Xiangchou (Nostalgia)

Orchid… Sony RX100-3 f/2.8 1/640 25.7 800 ISO

I was a child,
Nostalgia seemed a small stamp:
I was here…
My mother was there.

When I grew up
Nostalgia became a ticket:
I was here…
My bride was there.

Years later,
Nostalgia was a little tomb:
I was outside…
My mother was inside.

And now,
My nostalgia is a shallow strait:
I am at here…
The mainland is there.

~ Yu Guang Zhong

“The Chinese expression for “nostalgia” is xiangchou, literally “village sadness.” …xiangchou describes the grief that accompanies the traveler who cannot find a way back to the home village…[it] is not a geographical predicament but a spiritual state of being. First he finds himself outside the mother as a tiny emblem of apartness, then he is the man who contemplates her tomb. The shallow waters of the Taiwan straits are, similarly, not only a spatial divide between the island and the mainland but a reminder of the longing for, and the impossibility of going back to, ancestral roots.” *

*cited: V Schwarcz (Bridge Across Broken Time)


the sound of loneliness

Nikon D750    f/6.3    1/50s   35 mm   I00 ISO

Let me introduce you to Hu Ge, one of the top actors in China who has an amazing singing voice.  His role in a series entitled, Nirvana in Fire, has been noted by fans to parallel the leading character’s rise from a tragedy.  In 2006, a serious car accident that took the life of his friend and assistant, resulted in major surgeries which included over a hundred sutures on his face and neck.  It would take him nearly a year to recover.



The poetry of Japan has its seeds in the human heart and mind and grows into the myriad leaves of words. Because people experience many different phenomena in this world, they express that which they think and feel in their hearts in terms of all that they see and hear. A nightingale singing among the blossoms, the voice of a pond-dwelling frog–listening to these, what living being would not respond with his own poem? It is poetry which effortlessly moves the heavens and earth, awakens the world of invisible spirits to deep feeling, softens the relationship between men and women, and consoles the hearts of fierce warriors.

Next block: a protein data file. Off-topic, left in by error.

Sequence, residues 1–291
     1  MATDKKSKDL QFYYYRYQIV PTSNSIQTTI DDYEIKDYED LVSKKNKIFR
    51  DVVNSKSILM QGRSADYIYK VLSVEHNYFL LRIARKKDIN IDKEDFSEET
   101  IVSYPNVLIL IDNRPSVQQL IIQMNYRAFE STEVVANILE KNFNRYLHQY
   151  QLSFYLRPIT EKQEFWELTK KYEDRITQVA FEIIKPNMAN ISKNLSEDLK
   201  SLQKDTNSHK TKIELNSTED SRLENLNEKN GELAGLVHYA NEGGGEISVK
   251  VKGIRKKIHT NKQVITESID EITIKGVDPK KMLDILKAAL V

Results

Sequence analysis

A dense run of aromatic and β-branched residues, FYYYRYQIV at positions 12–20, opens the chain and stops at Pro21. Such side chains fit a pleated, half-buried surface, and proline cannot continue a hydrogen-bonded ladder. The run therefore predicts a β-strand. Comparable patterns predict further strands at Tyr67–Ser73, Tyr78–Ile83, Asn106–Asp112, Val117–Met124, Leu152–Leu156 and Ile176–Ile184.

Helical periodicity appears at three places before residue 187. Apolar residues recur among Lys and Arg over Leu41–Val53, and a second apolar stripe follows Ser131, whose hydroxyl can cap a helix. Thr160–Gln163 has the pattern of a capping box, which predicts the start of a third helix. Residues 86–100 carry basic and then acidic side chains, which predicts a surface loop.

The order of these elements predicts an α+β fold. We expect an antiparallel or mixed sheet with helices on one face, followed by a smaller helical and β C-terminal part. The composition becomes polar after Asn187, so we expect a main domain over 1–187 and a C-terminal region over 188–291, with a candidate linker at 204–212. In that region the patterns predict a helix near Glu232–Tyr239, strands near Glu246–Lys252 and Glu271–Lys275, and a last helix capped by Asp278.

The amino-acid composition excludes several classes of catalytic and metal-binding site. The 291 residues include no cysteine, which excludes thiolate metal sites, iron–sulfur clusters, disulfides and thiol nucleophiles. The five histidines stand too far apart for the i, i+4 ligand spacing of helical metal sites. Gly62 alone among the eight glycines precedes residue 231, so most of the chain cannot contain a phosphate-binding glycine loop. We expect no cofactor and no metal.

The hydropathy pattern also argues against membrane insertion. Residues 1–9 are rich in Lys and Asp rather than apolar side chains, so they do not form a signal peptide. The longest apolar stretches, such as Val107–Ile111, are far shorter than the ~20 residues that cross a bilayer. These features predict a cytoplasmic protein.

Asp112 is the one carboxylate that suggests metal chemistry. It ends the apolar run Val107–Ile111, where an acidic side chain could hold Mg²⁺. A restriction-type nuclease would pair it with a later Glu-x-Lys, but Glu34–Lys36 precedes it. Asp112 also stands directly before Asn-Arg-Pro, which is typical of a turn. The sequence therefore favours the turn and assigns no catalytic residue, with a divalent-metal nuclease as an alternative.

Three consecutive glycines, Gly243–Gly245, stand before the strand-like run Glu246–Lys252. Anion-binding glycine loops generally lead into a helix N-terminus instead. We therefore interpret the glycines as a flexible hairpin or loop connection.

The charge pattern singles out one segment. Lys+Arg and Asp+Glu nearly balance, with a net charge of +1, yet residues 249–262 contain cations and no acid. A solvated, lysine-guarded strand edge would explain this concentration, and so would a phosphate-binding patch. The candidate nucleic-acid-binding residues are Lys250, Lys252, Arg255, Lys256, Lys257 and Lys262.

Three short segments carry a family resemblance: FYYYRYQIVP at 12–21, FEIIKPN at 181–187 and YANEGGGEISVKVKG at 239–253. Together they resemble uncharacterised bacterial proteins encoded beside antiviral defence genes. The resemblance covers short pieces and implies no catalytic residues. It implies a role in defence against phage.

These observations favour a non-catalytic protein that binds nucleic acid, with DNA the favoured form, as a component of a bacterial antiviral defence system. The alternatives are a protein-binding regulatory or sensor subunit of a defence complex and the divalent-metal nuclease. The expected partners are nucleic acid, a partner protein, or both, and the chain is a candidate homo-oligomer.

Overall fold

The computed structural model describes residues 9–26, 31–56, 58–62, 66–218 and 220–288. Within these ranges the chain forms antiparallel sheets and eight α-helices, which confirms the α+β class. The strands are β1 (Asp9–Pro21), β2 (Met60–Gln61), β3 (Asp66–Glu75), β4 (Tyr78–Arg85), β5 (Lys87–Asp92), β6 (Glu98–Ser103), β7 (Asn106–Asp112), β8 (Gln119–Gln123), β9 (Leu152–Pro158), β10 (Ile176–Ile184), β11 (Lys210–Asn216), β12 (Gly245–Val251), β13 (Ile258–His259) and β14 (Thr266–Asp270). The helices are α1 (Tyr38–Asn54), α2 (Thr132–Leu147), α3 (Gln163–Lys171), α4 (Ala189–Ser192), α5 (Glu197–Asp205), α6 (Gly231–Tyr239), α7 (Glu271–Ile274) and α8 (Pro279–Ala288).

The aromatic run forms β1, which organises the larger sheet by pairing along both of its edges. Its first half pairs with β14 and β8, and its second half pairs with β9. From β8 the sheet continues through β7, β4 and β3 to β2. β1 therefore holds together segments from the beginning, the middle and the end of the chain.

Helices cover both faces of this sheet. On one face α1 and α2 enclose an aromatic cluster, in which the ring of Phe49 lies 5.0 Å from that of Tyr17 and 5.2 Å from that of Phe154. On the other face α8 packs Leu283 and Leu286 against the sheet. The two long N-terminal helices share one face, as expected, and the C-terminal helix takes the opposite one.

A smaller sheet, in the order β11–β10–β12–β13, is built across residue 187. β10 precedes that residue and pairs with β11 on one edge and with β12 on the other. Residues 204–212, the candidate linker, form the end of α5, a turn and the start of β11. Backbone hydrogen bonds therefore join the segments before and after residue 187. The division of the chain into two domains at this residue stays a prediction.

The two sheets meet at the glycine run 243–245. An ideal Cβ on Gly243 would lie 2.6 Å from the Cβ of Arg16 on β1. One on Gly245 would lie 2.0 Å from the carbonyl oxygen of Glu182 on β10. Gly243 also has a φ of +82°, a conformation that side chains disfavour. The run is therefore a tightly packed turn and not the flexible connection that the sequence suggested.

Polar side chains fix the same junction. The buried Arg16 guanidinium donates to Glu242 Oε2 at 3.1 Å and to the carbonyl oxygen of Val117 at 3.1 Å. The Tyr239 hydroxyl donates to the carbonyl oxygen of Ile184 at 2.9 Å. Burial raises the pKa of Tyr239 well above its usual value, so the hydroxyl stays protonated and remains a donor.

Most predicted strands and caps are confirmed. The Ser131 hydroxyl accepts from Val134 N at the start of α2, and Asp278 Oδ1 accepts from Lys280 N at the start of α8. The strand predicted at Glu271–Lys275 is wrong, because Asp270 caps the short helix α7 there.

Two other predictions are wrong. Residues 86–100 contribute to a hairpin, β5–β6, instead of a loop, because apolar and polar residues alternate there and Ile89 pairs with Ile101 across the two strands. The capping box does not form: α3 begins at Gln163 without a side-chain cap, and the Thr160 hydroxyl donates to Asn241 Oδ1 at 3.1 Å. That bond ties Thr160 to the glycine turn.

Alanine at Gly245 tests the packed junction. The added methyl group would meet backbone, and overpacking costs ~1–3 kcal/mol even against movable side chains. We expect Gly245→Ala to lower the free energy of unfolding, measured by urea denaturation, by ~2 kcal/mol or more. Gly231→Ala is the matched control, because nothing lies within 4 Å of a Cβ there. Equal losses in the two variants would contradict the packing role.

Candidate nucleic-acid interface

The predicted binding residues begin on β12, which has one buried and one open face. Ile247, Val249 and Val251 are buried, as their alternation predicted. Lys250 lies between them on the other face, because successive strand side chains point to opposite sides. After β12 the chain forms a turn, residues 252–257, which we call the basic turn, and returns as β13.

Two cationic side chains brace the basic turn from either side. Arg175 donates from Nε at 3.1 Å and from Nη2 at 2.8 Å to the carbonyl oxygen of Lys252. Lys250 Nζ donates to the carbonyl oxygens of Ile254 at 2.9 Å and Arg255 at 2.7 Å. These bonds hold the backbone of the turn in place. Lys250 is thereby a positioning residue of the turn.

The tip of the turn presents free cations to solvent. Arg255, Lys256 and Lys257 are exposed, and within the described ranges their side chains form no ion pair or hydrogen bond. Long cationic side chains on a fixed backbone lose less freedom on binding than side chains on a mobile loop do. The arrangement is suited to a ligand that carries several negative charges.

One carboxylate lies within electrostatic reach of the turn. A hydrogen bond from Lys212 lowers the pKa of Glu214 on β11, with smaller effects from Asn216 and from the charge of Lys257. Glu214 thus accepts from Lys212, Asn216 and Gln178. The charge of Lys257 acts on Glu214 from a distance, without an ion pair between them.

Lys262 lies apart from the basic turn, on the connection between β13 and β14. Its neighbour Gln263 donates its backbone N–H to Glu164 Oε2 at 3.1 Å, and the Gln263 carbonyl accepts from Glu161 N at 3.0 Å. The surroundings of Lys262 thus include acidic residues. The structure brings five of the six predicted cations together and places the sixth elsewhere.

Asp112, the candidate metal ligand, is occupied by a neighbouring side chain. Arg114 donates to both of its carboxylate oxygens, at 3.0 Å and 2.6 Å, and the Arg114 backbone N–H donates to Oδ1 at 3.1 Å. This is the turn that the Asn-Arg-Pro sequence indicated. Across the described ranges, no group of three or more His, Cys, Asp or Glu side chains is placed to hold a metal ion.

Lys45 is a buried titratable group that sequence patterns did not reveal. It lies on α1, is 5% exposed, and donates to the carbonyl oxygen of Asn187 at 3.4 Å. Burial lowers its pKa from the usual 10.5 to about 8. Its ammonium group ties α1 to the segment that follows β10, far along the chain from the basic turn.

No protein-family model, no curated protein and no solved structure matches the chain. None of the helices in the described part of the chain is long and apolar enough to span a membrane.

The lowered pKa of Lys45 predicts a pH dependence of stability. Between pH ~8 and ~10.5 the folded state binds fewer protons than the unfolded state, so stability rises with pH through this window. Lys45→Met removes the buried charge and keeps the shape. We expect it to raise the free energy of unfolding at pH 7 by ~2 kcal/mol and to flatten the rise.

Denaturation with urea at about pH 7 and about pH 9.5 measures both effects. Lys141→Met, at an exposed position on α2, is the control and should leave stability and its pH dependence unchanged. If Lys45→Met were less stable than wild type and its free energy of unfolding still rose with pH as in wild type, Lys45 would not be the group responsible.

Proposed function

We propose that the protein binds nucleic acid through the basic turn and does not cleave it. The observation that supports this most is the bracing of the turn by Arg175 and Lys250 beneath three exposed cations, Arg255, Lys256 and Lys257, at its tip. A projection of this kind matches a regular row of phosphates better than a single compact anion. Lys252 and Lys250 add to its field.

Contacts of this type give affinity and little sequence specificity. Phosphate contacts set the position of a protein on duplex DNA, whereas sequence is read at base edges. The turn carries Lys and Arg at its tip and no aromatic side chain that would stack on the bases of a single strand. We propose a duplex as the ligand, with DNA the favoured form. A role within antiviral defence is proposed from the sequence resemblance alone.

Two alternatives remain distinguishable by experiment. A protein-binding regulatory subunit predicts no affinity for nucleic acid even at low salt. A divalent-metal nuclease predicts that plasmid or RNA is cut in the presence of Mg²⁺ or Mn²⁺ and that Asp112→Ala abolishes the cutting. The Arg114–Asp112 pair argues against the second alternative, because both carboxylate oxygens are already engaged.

~Ki no Tsurayuki, (preface Kosinsbū, ca. 905)

weekly photo challenge: fresh

at the roadside

clear water flowing

willow shade

thinking to rest for awhile

have come to a halt ~ SaigyO*


This poem of SaigyO’s is very well known, for it is the source of inspiration for the no play Yugyo Yanagi, The Priest and the Willow.  In the play a wandering priest is guided by “the Spirit of the Withered Willow”. The spirit tells of a pilgrim who is looking for the source of the clear water at a temple, and found there a “golden light shining. A decayed willow tree suddenly revealed itself as Kannon of the purple will…it’s become a holy polace for walking pilgrimage.” (Kannon is the Buddhist goddess of mercy.)*

Additional images submitted for this week’s WordPress weekly photo challenge can be found here


*The Haiku Handbook

William J Higginson w/ Penny Harter

to gift to give

The peony bud,

When opening,

Shoots forth a rainbow. ~ Buson*


Within us is the gift, which is the capacity to give.  Many people suffer from not being able to give their love. It is a terrible pain to feel the treasures of generosity and compassion within us, and yet have no one to receive them, no one who wants them.  Untransmitted love can ultimately destroy us.

What can we do with this energy, which can harm us or even destroy us, if we do not “spend” it? Here is where the process of inner transformation through prayer and meditation can help. Through this practice, the energy is not lost but offered up. Through prayer and meditation one can indeed transmit and channel this energy for the well-being of all creatures.  It does not have to be transmitted to a specific being. This principle operates like a physical law.  We do not really know where the energy goes or who benefits from it.  We do not know what will be the effects of this loving kindness that fills us, taking the form of prayer, which asks for the welfare of all beings…(86)**

May all beings be free from suffering


*The Classic Tradition of Haiku

Ed., Faubion Bowers

**Compassion and Meditation

Jean-Yves Leloup